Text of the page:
In Val Verde County, home to Del Rio, however, Martinez said the vast majority of the cases he tosses out are those in which he learns that the arrested migrants had credible asylum claims and were looking for law enforcement to turn themselves in. He has said he began dropping such cases after he heard McCraw tell lawmakers in August that police aren’t looking to arrest asylum-seekers, but are instead targeting dangerous criminals.
Other times, Martinez has thrown out trespassing charges for insufficient evidence or questionable circumstances surrounding the arrests, like the cases he tossed Monday. A defense attorney told lawmakers Monday that the incidents are not unique.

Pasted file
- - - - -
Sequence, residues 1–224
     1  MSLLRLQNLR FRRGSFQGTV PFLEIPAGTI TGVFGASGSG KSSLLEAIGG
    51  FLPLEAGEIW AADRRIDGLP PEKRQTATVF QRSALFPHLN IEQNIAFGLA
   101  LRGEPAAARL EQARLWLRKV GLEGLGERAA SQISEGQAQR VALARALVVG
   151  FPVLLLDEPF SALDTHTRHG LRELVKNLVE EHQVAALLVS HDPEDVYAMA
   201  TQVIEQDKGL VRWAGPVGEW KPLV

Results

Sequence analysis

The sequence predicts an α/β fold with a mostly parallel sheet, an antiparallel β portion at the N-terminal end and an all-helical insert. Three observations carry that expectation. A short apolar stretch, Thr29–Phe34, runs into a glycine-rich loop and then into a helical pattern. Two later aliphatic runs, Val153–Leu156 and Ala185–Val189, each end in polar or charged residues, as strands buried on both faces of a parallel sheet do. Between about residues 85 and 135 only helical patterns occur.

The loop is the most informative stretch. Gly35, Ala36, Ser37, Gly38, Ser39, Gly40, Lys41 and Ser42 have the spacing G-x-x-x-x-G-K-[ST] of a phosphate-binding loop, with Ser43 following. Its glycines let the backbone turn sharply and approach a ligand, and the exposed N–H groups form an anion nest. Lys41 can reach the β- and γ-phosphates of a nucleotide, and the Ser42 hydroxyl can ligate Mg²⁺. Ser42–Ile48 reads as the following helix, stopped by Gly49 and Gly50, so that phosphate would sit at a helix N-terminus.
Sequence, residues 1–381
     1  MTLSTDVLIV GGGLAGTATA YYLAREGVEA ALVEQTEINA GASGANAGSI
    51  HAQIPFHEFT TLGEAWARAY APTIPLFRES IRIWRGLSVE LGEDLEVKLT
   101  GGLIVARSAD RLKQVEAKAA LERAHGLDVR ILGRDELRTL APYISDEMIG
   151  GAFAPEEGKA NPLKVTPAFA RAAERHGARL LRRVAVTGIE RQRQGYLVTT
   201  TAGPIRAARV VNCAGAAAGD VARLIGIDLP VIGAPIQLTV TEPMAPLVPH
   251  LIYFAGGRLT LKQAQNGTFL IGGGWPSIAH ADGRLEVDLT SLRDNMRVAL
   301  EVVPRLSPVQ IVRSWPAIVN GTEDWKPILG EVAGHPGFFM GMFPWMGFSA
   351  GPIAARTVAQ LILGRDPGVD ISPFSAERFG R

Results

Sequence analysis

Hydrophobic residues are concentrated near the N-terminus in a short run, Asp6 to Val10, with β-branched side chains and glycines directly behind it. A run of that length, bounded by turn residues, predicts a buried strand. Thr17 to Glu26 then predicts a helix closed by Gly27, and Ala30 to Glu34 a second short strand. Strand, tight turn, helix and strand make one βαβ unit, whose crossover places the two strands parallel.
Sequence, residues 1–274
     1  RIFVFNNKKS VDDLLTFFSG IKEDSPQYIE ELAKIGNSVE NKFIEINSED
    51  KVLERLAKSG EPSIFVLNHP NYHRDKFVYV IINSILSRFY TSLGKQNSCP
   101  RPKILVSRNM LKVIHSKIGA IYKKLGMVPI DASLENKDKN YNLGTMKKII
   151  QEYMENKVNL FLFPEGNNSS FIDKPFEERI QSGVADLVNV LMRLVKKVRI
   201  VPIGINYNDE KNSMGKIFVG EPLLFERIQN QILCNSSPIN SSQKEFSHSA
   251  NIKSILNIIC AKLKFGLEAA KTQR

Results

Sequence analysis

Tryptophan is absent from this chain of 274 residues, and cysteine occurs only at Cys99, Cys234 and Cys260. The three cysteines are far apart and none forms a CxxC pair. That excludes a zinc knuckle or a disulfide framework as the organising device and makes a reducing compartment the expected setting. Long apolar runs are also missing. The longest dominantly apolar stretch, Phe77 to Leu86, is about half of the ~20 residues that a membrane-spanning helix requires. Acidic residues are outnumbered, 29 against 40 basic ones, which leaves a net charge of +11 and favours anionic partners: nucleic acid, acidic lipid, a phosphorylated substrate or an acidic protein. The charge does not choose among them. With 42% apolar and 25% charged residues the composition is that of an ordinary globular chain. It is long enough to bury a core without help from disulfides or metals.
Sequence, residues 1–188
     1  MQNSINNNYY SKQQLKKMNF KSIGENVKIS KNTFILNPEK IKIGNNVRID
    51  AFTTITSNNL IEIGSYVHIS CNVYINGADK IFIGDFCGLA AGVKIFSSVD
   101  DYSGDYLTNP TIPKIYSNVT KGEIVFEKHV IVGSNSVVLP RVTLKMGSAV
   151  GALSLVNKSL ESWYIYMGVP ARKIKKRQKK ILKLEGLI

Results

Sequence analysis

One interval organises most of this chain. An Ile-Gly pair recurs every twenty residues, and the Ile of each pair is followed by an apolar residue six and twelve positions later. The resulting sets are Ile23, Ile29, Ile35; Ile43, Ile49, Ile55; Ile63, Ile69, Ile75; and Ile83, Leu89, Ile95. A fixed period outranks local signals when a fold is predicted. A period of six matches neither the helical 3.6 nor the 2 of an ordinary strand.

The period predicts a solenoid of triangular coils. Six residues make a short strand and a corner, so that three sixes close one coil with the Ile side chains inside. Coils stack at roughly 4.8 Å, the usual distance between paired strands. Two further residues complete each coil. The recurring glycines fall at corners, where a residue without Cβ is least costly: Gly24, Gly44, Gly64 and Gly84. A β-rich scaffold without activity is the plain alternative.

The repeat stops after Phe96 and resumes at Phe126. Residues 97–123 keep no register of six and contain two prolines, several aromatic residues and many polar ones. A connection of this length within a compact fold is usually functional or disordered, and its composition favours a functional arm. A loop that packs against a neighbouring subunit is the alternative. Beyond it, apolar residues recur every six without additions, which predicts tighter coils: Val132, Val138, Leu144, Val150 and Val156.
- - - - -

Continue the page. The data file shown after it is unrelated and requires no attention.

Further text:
“We have heard reports and several of our clients have recounted that they are actually called over onto the river onto private property,” said Kristin Etter, whose organization, Texas RioGrande Legal Aid, represents hundreds of the arrested migrants.
In the case of the 11 men who said they were escorted to another property and made to climb the fence onto a ranch, Martinez said he didn’t have a report from Border Patrol officers, who reportedly initiated the stop and apprehended the men after they fled. Without it, he wasn’t sure if the property where the men were first apprehended was the one listed in the report provided by DPS. If the cases moved forward in court, he said, DPS would be unable to testify where the men were first detained.